Mitral valve regurgitation, or mitral insufficiency, is a condition in which the heart's mitral valve does not close completely causing blood to leak back into the left atrium. When signs and symptoms of mitral valve regurgitation develop, they may occur gradually because the heart is able to compensate for the valve defect. Mitral regurgitation is often first suspected when the doctor hears a heart murmur. Sometimes, however, the disorder develops quickly, and patients may experience an abrupt onset of more severe signs and symptoms such as shortness of breath, fatigue and cough, especially with exertion. Other symptoms and signs include heart palpitation, swollen legs, and excessive urination.
There are two basic types of mitral regurgitation: degenerative and functional. Degenerative mitral regurgitation is caused by damage to the leaflets of the mitral valve, whereas functional Mitral Regurgitation (FMR) occurs without any alteration of the structure of the mitral valve leaflets and is secondary to myocardial infarction or dilated cardiomyopathy. Left ventricular systolic dysfunction and enlargement can result in annular dilatation and papillary muscle displacement with consequent tethering of the mitral leaflets. These changes will not allow the valve to close tightly.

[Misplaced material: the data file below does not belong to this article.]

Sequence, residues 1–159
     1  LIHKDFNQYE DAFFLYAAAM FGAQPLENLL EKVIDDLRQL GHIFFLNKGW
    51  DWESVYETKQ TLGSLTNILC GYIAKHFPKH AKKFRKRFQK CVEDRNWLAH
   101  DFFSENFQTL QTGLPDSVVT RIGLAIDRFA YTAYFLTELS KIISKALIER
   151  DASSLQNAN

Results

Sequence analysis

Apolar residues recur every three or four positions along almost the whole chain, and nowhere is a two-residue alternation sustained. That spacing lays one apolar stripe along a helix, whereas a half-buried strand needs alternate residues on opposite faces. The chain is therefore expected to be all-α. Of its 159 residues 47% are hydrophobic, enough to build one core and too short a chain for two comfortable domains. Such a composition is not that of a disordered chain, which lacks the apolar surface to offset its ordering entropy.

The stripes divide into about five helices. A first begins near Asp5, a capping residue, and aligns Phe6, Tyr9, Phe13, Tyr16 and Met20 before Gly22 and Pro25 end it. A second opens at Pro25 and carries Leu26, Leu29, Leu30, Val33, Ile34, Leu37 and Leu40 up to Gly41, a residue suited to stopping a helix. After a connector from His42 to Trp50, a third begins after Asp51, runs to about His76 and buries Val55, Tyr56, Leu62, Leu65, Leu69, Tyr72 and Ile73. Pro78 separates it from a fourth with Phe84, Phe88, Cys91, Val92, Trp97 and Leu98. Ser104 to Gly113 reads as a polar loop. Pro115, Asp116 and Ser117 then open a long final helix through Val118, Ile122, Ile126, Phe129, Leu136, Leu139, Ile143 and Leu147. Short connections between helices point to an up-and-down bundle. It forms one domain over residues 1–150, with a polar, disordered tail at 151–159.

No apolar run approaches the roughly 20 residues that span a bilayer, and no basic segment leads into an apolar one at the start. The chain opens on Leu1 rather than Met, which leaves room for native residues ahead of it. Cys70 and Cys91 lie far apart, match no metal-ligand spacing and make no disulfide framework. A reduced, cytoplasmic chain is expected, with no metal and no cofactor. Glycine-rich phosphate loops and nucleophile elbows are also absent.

More than 3 million people in the United States suffer from moderate or severe mitral regurgitation, with more than 250,000 new patients diagnosed each year. FMR can be found in 84% of patients with congestive heart failure and in 65% of them the degree of regurgitation is moderate or severe. The long term prognostic implications of functional mitral regurgitation have demonstrated a significant increase in risk for heart failure or death, which is directly related to the severity of the regurgitation. Compared to mild regurgitation, moderate to severe regurgitation was associated with a 2.7fold risk of death and 3.2 fold risk of heart failure, and thus significantly higher health care cost.
Treatment of mitral valve regurgitation depends on the severity and progression of signs and symptoms. Left unchecked, mitral regurgitation can lead to heart enlargement, heart failure and further progression of the severity of mitral regurgitation. For mild cases, medical treatment may be sufficient. For more severe cases, heart surgery might be needed to repair or replace the valve.